A family of an Australian economist imprisoned in Myanmar is heartbroken by the three-year sentence

The wife of Australian economist Prof. Sean Turnell, who was given a three-year prison sentence by Myanmar’s military government, has asked for her husband’s release, saying that his punishment is “heartbreaking” for his family.

Ha Vu claimed that Turnell’s family had been saddened by the sentence that had been handed down after a covert trial in which he was not provided with adequate legal representation.

For me, our daughter, Sean’s 85-year-old father, and the rest of our family, she said, “It’s heartbreaking.”

Sean has devoted a lot of time to boosting Myanmar’s economy and has long been one of the country’s most ardent advocates.

According to Ha Vu, her husband has already served nearly two-thirds of his term in a prison in Myanmar.

Please deport him right away, taking into account the contributions he has made to Myanmar, she said.

Turnell, who has been imprisoned since the junta’s illegitimate takeover in February of last year, had advised the democratically elected civilian administration of ousted leader Aung San Suu Kyi, who was also given a new three-year prison sentence this week.

Turnell, an economist at Macquarie University in Sydney, was arrested for the first time on February 6, 2013, less than a week after the military overthrew Myanmar’s elected government and left the nation in anarchy.

Aung San Suu Kyi and three of her former cabinet ministers are among the co-defendants who have appeared in court with Turnell during the past year. Turnell was later charged with breaking Myanmar’s Official Secrets Act.

Turnell was imprisoned by the military last year on suspicion of carrying secret documents, according to the Irrawaddy news website. Turnell allegedly refuted the accusation, claiming the documents weren’t private and instead were economic proposals he had given Aung San Suu Kyi’s administration while serving as an advisor.

In court, he entered a not-guilty plea.

Australian diplomats and media were not permitted to attend Turnell’s trial, which took place in a secret military courtroom in the nation’s capital Naypyidaw.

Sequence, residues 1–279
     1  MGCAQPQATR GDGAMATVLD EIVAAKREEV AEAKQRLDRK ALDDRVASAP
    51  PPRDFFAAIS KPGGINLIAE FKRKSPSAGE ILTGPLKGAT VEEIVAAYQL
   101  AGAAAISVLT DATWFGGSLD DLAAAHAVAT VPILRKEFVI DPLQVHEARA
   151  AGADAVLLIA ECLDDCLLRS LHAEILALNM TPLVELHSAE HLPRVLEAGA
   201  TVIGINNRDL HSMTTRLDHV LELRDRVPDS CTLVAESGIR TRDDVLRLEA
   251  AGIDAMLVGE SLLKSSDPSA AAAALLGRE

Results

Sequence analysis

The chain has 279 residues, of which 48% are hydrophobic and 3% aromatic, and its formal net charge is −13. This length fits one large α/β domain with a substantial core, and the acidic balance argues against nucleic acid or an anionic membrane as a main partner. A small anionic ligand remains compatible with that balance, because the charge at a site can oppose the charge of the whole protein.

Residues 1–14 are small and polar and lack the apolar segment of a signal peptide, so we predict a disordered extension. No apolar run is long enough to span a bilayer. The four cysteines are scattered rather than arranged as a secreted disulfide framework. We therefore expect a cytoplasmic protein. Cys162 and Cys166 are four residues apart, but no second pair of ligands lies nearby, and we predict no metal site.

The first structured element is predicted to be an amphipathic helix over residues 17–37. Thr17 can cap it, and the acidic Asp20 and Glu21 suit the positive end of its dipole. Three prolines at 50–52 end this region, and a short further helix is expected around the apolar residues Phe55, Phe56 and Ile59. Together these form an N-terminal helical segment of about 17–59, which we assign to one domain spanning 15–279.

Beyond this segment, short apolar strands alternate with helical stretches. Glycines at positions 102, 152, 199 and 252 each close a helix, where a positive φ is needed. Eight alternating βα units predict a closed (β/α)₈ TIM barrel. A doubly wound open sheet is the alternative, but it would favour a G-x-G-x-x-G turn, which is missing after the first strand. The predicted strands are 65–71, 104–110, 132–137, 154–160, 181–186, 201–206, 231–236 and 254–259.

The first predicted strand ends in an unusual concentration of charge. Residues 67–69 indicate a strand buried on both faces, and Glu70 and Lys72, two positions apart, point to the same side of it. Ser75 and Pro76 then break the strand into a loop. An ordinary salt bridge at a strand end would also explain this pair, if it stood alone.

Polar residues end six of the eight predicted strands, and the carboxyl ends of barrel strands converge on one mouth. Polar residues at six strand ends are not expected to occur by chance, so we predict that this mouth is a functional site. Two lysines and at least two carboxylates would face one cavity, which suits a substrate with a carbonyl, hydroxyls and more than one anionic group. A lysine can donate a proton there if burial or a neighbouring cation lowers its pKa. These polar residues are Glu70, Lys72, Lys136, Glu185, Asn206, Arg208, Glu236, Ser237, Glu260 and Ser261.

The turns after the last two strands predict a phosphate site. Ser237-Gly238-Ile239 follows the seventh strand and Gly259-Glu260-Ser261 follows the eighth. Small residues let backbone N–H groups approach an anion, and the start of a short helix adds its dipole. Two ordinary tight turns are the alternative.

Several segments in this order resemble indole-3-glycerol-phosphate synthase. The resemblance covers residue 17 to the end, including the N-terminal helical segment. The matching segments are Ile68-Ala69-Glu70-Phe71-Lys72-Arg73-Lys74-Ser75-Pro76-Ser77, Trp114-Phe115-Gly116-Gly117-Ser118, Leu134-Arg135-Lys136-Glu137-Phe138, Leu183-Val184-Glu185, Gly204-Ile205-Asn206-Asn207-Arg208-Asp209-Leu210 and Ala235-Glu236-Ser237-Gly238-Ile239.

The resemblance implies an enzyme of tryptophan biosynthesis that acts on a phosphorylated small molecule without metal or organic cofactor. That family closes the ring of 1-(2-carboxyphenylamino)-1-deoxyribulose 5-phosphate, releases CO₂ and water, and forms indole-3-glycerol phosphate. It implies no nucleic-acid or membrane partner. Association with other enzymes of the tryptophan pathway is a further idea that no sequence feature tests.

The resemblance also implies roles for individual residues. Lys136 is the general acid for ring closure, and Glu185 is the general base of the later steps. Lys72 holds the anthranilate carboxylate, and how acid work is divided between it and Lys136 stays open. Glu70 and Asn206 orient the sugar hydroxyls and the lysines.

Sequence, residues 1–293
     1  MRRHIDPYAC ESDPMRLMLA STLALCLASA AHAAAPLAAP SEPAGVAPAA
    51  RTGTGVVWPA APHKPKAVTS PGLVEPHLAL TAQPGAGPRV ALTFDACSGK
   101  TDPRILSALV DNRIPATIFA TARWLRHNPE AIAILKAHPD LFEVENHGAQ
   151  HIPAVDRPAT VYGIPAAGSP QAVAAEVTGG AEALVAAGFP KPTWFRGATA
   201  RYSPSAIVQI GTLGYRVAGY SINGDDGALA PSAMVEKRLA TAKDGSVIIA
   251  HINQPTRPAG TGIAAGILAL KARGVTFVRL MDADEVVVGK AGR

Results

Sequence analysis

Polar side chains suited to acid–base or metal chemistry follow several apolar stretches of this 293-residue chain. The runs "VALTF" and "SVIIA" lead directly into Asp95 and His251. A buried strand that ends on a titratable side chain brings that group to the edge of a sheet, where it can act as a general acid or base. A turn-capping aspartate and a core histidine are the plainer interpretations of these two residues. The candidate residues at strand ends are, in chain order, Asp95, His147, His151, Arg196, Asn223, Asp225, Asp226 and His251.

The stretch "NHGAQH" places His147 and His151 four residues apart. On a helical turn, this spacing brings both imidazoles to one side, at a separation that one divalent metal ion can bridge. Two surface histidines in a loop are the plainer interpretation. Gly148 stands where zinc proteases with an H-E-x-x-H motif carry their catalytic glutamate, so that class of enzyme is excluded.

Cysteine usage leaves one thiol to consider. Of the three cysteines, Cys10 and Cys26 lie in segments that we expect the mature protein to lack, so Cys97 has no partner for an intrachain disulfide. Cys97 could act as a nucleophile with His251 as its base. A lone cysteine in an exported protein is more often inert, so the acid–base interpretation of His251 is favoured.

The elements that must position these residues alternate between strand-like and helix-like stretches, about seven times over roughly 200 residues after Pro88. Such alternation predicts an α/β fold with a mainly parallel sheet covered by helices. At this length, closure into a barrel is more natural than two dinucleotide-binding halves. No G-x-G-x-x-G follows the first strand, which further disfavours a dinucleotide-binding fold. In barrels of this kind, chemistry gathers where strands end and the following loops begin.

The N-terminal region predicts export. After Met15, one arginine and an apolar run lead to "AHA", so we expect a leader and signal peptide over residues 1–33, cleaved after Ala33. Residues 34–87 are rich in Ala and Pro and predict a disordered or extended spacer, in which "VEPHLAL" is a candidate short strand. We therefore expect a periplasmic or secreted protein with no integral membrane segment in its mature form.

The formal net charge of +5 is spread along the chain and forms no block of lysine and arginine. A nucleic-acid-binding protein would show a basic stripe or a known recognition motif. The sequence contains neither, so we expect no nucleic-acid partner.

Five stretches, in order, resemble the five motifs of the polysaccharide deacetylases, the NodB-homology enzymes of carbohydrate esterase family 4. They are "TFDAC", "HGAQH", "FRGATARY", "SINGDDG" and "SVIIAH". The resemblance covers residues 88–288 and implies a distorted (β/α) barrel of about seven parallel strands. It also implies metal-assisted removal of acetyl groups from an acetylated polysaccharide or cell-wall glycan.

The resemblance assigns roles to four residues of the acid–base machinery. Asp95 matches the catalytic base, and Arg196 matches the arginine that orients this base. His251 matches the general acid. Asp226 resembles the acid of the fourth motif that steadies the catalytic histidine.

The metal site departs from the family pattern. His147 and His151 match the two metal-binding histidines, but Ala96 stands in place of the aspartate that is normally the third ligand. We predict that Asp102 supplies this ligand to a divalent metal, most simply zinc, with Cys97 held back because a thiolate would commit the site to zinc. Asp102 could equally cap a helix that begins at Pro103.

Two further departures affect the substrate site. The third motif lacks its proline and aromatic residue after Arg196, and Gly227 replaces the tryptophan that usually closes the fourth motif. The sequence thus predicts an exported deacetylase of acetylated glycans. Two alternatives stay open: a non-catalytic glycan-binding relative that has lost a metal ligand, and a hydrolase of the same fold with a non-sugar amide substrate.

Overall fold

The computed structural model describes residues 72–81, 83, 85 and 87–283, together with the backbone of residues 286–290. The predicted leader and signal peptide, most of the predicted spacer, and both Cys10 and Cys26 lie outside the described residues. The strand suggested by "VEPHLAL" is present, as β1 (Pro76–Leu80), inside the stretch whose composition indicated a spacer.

Australia’s foreign minister, Penny Wong, stated on Friday in Adelaide that her country “totally” rejected the accusations made against Turnell.

According to Wong, the government requested access to the court for Turnell’s sentence after learning his location and was “disappointingly and unfortunately” turned down by Myanmar’s authorities.

Australia will continue to campaign for his return to Australia through all avenues, public and private, according to Wong. “We reject fully the charges against him,” she added.

“Until he is returned to his family in Australia, we will continue to take advantage of every chance to forcefully campaign for him.”

Wong declared that she would keep the “private details” of the case a secret.

Since the beginning of the new millennium, Turnell has worked on economic and financial issues in Myanmar, emphasising the promotion of reform and growth. He has worked as a senior economic advisor to the minister of planning, finance, and industry as well as a special economic counsellor to Aung San Suu Kyi. He had previously worked for the Australian Reserve Bank.

When the UN’s special envoy to Myanmar, Noeleen Heyzer, visited with the leader of the junta, General Min Aung Hlaing, last month to encourage a reduction in the level of violence there, she also brought a request from the Australian government calling for Turnell’s release.

Later, what was purported to be an account of their discussion appeared in junta-controlled media, and Min Aung Hlaing was quoted as saying: “With regard to the matter of Mr. Sean Turnell, should the Australian government take constructive moves, we will not need to take serious actions. The evidence in Mr. Sean Turnell’s case suggests that harsh sanctions may be imposed.